Wisdom says, “Rick, let one person run this universe.” And Lucia is highly-competent when it comes to running my life. The other upside is that it filters out the non-serious “time requesters.”
Inevitably, when someone sees me, like at a church meeting, they say something like, “Hey, Rick, let’s get together.” If I made that date right there on the spot, my calendar would fill up immediately. Thus, I tell them, “Sure, give Lucia a call or email, and she’ll make it happen.” Eighty-five to ninety percent of those requests don’t happen, which frees me to help those who need my care.
Many people live “at the moment” and are not thoughtful planners or strategists. Thus, their lives are all over the map. There are structure and spontaneity; you don’t want to be on either extreme, but these folks err on the side of impulse. Thus, they see me and want to meet. After they leave, they don’t remember “the ask,” and don’t follow through by making the meeting.
9 – Create Filters – After a while, as requests for help increase, you will have to create “filters” between you and those who want to talk to you. I do this in several ways.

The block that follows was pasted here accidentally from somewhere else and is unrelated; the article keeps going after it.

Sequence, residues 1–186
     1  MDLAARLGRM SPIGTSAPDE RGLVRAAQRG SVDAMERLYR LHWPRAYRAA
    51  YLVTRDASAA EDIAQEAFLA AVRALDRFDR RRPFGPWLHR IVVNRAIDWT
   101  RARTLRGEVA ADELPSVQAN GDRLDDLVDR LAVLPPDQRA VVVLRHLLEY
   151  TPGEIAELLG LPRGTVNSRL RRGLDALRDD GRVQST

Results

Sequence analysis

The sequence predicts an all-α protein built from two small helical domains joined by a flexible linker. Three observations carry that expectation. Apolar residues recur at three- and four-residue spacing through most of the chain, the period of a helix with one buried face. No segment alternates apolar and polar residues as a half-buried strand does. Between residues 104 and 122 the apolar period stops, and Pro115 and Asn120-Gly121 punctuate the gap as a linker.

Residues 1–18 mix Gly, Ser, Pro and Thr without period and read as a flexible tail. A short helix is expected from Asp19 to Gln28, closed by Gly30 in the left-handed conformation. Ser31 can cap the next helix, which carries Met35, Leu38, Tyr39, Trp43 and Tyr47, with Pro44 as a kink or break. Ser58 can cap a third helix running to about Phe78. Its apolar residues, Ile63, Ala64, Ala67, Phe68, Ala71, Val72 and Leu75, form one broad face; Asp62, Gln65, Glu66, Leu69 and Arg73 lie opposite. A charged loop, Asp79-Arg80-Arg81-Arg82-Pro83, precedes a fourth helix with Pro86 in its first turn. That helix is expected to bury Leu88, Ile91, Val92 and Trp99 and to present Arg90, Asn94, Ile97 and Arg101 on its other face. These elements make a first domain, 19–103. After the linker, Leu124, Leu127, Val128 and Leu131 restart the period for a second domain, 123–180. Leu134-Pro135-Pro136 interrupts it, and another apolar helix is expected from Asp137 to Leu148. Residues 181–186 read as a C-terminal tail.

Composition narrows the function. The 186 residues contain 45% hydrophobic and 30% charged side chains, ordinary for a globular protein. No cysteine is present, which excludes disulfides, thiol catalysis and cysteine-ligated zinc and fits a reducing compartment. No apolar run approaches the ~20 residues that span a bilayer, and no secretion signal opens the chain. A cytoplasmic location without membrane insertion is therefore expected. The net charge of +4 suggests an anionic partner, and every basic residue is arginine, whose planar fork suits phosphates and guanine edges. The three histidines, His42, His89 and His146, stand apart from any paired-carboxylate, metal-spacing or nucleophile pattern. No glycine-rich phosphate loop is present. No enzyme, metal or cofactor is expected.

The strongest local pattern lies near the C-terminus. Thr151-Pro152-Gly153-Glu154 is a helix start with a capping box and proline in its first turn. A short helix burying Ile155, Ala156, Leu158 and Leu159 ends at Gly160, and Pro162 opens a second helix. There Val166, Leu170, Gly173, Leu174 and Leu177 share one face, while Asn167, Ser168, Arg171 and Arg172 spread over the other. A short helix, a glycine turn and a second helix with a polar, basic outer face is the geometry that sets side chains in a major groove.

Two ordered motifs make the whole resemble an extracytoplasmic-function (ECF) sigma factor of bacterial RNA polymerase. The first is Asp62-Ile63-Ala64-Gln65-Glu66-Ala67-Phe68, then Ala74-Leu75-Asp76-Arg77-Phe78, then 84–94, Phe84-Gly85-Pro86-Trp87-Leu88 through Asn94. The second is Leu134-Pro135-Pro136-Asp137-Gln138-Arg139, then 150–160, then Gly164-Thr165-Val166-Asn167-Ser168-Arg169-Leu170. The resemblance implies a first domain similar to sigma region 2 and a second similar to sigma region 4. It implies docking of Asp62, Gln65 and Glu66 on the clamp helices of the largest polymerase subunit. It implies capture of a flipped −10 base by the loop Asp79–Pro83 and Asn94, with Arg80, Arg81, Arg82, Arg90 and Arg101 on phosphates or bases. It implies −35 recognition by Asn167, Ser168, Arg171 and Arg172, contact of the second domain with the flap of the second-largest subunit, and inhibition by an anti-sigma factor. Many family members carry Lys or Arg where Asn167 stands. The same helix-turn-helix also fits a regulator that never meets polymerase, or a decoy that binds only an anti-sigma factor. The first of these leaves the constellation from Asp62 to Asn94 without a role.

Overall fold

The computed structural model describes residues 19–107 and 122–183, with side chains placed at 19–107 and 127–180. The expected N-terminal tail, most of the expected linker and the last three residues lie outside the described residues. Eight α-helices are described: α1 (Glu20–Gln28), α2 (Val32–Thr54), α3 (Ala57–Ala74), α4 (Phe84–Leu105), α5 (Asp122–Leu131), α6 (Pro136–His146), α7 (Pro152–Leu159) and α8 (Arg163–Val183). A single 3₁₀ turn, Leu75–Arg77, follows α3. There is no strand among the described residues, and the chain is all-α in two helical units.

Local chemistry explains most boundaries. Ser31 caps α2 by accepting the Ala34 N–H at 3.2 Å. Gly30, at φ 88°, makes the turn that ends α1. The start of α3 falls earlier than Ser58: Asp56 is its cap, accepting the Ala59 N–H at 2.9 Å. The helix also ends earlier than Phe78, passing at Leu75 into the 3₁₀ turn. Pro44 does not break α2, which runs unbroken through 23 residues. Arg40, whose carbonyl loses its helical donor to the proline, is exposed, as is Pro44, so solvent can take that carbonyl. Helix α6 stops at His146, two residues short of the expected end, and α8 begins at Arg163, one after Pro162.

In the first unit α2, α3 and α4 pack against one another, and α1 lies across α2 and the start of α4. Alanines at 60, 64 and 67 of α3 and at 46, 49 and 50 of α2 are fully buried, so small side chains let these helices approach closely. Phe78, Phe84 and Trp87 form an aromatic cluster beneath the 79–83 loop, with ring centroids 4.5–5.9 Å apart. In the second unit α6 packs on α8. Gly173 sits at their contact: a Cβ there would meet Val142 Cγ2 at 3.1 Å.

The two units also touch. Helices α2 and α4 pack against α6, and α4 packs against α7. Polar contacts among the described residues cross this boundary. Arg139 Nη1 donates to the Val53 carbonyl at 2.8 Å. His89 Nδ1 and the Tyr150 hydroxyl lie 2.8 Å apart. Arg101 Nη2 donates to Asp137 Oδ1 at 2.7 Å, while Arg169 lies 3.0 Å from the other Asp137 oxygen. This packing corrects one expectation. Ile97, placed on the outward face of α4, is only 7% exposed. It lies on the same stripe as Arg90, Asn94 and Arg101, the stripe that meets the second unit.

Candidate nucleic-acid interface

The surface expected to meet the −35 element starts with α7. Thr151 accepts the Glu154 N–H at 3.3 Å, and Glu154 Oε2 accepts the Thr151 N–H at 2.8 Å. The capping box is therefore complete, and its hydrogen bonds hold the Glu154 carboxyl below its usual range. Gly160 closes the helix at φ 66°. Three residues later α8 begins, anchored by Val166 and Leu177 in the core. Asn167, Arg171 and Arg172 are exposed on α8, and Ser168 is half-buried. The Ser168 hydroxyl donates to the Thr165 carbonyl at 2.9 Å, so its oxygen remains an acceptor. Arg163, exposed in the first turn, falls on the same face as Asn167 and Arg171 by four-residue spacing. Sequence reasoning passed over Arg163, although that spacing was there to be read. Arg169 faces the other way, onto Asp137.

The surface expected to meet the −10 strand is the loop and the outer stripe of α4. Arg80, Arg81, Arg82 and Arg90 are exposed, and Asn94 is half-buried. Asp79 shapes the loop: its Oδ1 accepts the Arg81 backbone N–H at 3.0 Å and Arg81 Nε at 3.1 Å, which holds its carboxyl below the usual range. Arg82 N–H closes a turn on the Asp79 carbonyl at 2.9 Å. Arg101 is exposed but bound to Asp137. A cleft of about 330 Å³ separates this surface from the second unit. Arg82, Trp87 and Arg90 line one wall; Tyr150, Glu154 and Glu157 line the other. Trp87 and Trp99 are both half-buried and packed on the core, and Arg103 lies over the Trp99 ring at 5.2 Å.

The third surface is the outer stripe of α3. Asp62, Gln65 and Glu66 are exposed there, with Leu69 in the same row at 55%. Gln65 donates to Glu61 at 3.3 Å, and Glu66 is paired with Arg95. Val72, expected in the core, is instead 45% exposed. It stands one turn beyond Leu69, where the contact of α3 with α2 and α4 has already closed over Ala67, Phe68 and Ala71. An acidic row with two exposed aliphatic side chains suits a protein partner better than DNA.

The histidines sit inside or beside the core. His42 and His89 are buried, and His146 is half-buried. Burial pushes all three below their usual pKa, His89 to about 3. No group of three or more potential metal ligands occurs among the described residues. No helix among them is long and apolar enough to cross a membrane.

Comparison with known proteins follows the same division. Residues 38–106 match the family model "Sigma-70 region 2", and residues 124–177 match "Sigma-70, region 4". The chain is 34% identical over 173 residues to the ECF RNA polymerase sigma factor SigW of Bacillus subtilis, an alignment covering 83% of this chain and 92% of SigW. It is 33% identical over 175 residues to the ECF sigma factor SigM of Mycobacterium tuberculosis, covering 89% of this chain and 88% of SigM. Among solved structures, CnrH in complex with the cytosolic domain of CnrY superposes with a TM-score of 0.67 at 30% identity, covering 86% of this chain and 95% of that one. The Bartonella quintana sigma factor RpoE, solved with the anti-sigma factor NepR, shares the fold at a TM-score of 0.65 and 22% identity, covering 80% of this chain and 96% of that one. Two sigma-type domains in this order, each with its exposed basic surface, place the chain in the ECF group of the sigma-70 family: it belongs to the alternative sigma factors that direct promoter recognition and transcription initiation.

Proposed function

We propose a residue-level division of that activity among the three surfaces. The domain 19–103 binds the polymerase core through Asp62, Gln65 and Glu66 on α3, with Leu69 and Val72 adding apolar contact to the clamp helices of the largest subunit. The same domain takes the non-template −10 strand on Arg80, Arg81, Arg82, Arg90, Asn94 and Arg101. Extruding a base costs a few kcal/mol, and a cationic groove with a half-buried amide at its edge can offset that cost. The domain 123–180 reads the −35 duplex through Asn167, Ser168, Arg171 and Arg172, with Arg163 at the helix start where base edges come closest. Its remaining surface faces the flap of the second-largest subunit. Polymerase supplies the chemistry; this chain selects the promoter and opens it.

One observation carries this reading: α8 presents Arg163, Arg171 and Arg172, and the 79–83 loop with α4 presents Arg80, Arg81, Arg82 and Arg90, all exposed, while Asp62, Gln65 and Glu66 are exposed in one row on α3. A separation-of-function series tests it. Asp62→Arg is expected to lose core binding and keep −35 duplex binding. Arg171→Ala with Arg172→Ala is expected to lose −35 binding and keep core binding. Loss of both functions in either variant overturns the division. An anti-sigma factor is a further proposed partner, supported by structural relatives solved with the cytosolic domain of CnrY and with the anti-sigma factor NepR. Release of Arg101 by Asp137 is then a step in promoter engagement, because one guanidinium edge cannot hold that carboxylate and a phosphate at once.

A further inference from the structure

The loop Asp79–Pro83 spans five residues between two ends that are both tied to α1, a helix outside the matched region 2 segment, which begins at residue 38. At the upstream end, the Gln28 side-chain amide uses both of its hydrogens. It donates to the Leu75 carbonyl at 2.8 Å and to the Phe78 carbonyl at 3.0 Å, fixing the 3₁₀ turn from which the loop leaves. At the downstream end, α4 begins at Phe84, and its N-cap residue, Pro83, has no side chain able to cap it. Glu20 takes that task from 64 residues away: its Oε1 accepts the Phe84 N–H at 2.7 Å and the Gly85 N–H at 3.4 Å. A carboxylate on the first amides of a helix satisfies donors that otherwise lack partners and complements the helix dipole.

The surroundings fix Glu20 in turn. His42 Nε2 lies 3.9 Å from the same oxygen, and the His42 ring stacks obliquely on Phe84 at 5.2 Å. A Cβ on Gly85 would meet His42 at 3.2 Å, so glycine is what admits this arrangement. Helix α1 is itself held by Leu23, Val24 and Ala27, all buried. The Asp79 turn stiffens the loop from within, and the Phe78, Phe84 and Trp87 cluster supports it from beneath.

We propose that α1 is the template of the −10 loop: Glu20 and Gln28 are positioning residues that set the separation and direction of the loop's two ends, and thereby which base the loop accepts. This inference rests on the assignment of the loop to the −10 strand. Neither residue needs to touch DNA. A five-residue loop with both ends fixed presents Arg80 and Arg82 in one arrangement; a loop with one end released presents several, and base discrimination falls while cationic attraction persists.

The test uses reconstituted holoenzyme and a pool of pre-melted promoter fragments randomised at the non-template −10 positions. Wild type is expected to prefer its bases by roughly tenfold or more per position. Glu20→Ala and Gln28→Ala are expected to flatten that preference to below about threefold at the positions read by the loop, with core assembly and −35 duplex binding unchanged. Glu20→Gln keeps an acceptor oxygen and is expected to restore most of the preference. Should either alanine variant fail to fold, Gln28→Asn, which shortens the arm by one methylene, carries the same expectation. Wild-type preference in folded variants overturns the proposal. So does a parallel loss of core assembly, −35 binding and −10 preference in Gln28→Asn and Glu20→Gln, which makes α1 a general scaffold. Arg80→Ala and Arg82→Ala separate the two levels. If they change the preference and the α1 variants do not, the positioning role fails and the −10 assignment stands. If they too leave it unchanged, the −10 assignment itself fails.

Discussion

My phone is on call-forwarding so nobody can directly call me. Typically when a person wants to talk to me, they want to tell me their story. Four of those stories in a day would shut down our ministry. I have two other folks “handling my calls.”
I don’t engage anyone on social media, particularly Facebook. I get instant messages all the time, where someone is asking me a question. It was such a huge distraction that I got off social media.
We put a “message bubble” at the bottom right of our website so a person can access us instantly. We also have free and private forums where a person can ask us anything.
My mantra is, “If your question is that important to you, then you will do what we ask to find help.” This one concept filters out scores of questions each month because the person asking will not take the time to ask in the places we provide.
I have never turned anyone away, but I do not permit other folks to determine how they will receive my care. To meet every person when, where, and how they want me to connect with them is unwise, poor stewardship of my time, and can cause irreparable damage to my most vital relationships.
Call to Action
- Do you have a Mini-Messiah Complex? Would those closest to you agree with your assessment? What did they say when you asked them?
- Which one of these time management tips gives you the most trouble? Why is that? What is your specific and practical plan to change?